A thalamic reticular networking model of consciousness.

Min BK - Theor Biol Med Model (2010)

Schematic drawing of the TRN-modulated thalamocortical looping model of conscious awareness. THL: thalamus, V1: the primary visual cortex. As the color of processing-flow lines gets darker (from yellow to orange, and finally to red), more elaborated information processing is being produced by means of iterating thalamocortical loops through the TRN. Cortical networks tie together neuronal assemblies in widespread cortical regions, and the TRN may play a central role in organizing all of the networks.
© Copyright Policy - open-access
Related In: Results  -  Collection

License
Show All Figures
getmorefigures.php?uid=PMC2857829&req=5

Figure 2: Schematic drawing of the TRN-modulated thalamocortical looping model of conscious awareness. THL: thalamus, V1: the primary visual cortex. As the color of processing-flow lines gets darker (from yellow to orange, and finally to red), more elaborated information processing is being produced by means of iterating thalamocortical loops through the TRN. Cortical networks tie together neuronal assemblies in widespread cortical regions, and the TRN may play a central role in organizing all of the networks.
Mentions: Attention possibly acts by biasing the competition among rival candidates of activated neuronal sets, particularly during their formation [79]. Therefore, an antagonistic target-background configuration of information processing seems to be an efficient means to accomplish selective attention. That is, it is advantageous if there is enhancement of neural activity associated with highlighted information processing, while irrelevant neural activity is simultaneously inhibited. Therefore, an efficient and well-organized inhibitory mechanism is necessary for selective attention. As mentioned earlier, it is noteworthy that the TRN provides a major inhibitory input to thalamic relay nuclei [19]. Hence, the feedback synaptic connections from the TRN imply significant control over the signal transmissions through the thalamocortical network. Anatomically, specified sectors of the TRN involve their corresponding thalamocortical connections, including even the related visceral sensory inputs [80], which are assumed to be modulated by attention or distraction. Here, I suggest that such finely organized TRN cells, wrapping around many of the thalamic relay nuclei, play a pivotal role in selective attention by coordinating all thalamocortical transmissions via the GABAergic network synchrony. The initial point of developing synchronization may stem from a modality-specific sector of the thalamic reticular region (e.g., the first red dot on the TRN in Figure 2A), which may be the origin of the eventual spread of its synchronous activity throughout the entire TRN network. This synchronization would be more promoted after the reception of positive iterating feedback from higher-order cortices. Compared to Crick's previous TRN hypothesis regarding 'attention' [81], my current TRN hypotheses also cover consciousness, and emphasize reiterating thalamocortical information processing in relation to conscious awareness.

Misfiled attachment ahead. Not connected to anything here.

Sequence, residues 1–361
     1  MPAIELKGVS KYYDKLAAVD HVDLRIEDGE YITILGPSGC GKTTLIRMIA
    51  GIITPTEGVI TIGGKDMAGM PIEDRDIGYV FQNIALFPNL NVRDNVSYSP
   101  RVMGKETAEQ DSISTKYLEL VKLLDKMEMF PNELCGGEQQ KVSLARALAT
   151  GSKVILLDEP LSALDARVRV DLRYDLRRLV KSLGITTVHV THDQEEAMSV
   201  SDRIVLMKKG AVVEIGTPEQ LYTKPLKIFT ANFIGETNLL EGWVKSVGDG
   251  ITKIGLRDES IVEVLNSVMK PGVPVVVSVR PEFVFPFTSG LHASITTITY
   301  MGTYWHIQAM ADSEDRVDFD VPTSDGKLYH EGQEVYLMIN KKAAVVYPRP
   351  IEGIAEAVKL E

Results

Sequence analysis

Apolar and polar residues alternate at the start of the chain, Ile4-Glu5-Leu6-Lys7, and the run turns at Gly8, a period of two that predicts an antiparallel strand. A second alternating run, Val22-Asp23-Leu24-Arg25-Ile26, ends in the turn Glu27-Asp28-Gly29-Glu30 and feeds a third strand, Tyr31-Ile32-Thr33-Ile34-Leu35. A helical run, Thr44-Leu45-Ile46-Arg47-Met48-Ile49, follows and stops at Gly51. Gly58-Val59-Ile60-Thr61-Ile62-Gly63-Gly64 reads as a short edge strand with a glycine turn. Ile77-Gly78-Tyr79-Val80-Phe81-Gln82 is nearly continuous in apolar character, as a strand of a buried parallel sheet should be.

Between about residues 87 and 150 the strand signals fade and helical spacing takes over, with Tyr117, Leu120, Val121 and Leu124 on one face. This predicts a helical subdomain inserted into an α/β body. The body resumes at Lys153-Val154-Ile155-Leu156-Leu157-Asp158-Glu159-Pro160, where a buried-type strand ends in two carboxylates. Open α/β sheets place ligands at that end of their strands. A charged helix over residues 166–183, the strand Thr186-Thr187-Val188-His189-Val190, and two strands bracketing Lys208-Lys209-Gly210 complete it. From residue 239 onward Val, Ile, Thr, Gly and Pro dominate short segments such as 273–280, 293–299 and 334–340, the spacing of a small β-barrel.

Bottom Line: Throughout the latticework structure of the TRN, conscious perception could be accomplished and elaborated through accumulating intercommunicative processing across the first-order input signal and the higher-order signals from its functionally associated cortices.This TRN-modulation hypothesis for conscious awareness provides a comprehensive rationale regarding previously reported psychological phenomena and neurological symptoms such as blindsight, neglect, the priming effect, the threshold/duration problem, and TRN-impairment resembling coma.This hypothesis can be tested by neurosurgical investigations of thalamocortical loops via the TRN, while simultaneously evaluating the degree to which conscious perception depends on the severity of impairment in a TRN-modulated network.

View Article: PubMed Central - HTML - PubMed

Affiliation: Department of Radiology, Brigham and Women's Hospital, Harvard Medical School, 75 Francis Street, Boston, MA 02115, USA. minbk@bwh.harvard.edu

ABSTRACT
[BACKGROUND]: It is reasonable to consider the thalamus a primary candidate for the location of consciousness, given that the thalamus has been referred to as the gateway of nearly all sensory inputs to the corresponding cortical areas. Interestingly, in an early stage of brain development, communicative innervations between the dorsal thalamus and telencephalon must pass through the ventral thalamus, the major derivative of which is the thalamic reticular nucleus (TRN). The TRN occupies a striking control position in the brain, sending inhibitory axons back to the thalamus, roughly to the same region where they receive afferents. [HYPOTHESES]: The present study hypothesizes that the TRN plays a pivotal role in dynamic attention by controlling thalamocortical synchronization. The TRN is thus viewed as a functional networking filter to regulate conscious perception, which is possibly embedded in thalamocortical networks. Based on the anatomical structures and connections, modality-specific sectors of the TRN and the thalamus appear to be responsible for modality-specific perceptual representation. Furthermore, the coarsely overlapped topographic maps of the TRN appear to be associated with cross-modal or unitary conscious awareness. Throughout the latticework structure of the TRN, conscious perception could be accomplished and elaborated through accumulating intercommunicative processing across the first-order input signal and the higher-order signals from its functionally associated cortices. As the higher-order relay signals run cumulatively through the relevant thalamocortical loops, conscious awareness becomes more refined and sophisticated. [CONCLUSIONS]: I propose that the thalamocortical integrative communication across first- and higher-order information circuits and repeated feedback looping may account for our conscious awareness. This TRN-modulation hypothesis for conscious awareness provides a comprehensive rationale regarding previously reported psychological phenomena and neurological symptoms such as blindsight, neglect, the priming effect, the threshold/duration problem, and TRN-impairment resembling coma. This hypothesis can be tested by neurosurgical investigations of thalamocortical loops via the TRN, while simultaneously evaluating the degree to which conscious perception depends on the severity of impairment in a TRN-modulated network.

Show MeSH
Related in: MedlinePlus